Categories for cross-temporal and cross-spatial comparative approaches to human religious and spiritual practices often fall short of clarifying the concepts. Cheryl Claassen and I have argued that the term cult, understood as a series of patterned actions that focus on an object, place, belief, or practice where humans communicate with the transcendent, best describes the practices found in early modern Spanish Catholic and pre-Columbian Aztec lifeways and approaches to the sacred (2022). However, the term cult is problematic in our century, often invoked to delegitimize groups that are outside of cultural comfort zones. Recognizing that concern, we argue that to compare cultic behaviors across historical, religious, and spiritual arenas we need more clarifying language. Following Ann Taves’ work on a building blocks approach to religion (Taves 2009), in this paper we propose considering 15-16th century Aztec and Iberian Catholic cultic expressions as Object Oriented Practices that had structural similarities offering fertile ground for the growth of what becomes Mexican Catholicism. Object Oriented Practices offers a lens to see objects - mountains, idols, bundles, relics - and practices such as pilgrimage, offerings, sacrifices - as human spiritual and religious behaviors across space and time without denigration or legitimation. We discuss the example of pilgrimage from a comparative lens, emphasizing the structural ways humans orient similar behaviors in differing contexts of the Aztecs and colonizing Catholics in sixteenth-century Spain and Mexico.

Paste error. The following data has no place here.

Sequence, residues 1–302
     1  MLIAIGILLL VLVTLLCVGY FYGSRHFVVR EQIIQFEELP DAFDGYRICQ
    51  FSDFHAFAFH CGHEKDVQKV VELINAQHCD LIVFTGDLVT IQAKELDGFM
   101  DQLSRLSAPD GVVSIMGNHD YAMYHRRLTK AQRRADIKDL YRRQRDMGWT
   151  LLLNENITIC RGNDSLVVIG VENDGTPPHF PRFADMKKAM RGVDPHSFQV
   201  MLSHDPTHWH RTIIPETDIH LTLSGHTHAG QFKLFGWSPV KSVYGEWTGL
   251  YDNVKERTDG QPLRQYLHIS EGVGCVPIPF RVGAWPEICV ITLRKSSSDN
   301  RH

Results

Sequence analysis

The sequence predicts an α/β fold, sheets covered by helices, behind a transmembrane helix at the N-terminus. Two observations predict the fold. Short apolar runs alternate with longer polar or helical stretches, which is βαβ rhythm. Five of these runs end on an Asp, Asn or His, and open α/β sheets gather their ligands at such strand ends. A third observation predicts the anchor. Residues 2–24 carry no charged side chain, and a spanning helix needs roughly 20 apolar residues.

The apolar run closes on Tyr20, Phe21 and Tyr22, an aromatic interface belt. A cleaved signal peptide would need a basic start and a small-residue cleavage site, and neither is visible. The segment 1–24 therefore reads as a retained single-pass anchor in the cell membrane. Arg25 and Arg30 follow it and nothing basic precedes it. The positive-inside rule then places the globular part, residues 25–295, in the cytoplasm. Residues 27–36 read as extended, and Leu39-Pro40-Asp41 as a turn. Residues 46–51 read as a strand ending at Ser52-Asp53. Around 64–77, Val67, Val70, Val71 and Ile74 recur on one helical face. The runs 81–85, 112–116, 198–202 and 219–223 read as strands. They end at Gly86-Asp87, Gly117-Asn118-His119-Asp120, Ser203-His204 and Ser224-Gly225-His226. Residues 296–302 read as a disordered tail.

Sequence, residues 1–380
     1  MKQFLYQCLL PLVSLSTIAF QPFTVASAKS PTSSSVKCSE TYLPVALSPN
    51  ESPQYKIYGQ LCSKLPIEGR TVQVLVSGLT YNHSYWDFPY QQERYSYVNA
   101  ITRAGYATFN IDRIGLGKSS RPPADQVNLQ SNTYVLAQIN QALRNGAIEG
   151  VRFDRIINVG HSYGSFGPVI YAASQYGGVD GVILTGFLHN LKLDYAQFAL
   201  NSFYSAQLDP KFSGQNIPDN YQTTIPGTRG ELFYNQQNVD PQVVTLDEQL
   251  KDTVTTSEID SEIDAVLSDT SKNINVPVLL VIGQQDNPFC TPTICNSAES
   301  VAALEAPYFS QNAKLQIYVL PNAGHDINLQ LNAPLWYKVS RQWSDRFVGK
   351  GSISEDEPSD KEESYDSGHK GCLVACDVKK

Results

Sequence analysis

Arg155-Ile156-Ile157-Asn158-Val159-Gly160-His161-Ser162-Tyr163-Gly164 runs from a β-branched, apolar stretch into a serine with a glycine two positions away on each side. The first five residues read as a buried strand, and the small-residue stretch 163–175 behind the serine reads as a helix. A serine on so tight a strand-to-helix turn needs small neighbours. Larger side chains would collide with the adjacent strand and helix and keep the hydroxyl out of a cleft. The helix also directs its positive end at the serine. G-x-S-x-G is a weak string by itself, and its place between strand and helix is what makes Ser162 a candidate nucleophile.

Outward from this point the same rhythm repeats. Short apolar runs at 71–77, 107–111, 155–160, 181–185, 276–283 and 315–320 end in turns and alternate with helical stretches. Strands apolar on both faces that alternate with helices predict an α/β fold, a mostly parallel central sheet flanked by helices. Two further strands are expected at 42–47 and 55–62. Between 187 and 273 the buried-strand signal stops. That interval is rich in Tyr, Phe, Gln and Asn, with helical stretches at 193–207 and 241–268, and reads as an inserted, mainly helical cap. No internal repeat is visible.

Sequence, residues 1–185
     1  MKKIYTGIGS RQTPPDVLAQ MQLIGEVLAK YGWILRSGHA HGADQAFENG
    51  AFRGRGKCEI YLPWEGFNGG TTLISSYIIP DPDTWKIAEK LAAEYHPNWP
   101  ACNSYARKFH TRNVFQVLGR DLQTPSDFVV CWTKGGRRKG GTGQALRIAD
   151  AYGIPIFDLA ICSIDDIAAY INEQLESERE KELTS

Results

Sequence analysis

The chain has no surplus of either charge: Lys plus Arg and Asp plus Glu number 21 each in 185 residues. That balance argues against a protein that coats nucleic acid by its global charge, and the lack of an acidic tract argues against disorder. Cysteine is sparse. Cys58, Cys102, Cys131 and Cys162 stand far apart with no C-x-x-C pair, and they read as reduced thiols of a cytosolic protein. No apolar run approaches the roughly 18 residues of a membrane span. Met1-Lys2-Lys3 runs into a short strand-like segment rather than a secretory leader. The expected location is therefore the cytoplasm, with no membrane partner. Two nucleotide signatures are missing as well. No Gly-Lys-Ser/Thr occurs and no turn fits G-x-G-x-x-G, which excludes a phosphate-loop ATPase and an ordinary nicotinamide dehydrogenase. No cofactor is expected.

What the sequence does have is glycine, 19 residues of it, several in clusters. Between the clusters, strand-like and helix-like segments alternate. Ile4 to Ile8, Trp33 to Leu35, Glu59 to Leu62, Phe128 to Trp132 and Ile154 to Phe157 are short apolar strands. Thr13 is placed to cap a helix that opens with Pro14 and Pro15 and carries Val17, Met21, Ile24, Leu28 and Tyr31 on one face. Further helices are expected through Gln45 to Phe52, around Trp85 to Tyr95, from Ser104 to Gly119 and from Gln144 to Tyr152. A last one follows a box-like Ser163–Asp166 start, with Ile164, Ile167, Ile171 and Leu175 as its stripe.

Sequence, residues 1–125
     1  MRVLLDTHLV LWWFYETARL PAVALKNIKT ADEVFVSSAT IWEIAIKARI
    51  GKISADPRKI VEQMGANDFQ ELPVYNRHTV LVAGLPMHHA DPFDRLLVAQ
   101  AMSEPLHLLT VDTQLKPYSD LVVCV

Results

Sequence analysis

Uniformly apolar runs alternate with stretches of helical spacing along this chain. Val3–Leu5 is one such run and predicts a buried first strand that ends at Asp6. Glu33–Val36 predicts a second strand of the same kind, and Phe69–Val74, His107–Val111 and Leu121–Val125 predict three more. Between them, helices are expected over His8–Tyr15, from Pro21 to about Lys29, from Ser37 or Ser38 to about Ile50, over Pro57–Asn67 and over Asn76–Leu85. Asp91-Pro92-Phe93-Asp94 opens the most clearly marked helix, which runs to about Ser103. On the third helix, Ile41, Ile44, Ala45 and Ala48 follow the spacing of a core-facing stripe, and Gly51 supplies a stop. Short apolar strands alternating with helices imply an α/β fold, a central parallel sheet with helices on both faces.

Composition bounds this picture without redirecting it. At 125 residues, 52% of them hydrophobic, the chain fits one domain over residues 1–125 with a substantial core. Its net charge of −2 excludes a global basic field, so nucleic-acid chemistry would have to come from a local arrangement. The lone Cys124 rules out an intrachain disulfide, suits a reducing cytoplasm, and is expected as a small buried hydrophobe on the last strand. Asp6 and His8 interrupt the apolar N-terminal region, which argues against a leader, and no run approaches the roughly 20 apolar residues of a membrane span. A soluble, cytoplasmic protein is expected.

Associate Professor of Religion, Department of Interdisciplinary Studies , Appalachian State University , North Carolina, United States Cheryl Claassen
Research Professor, Anthropology, Appalachian State University, North Carolina, United States
Aztec, Catholicism, Comparison, Contact, Cult, Idol, Landscape, Pilgrimage, Ritual, Sixteenth-Century
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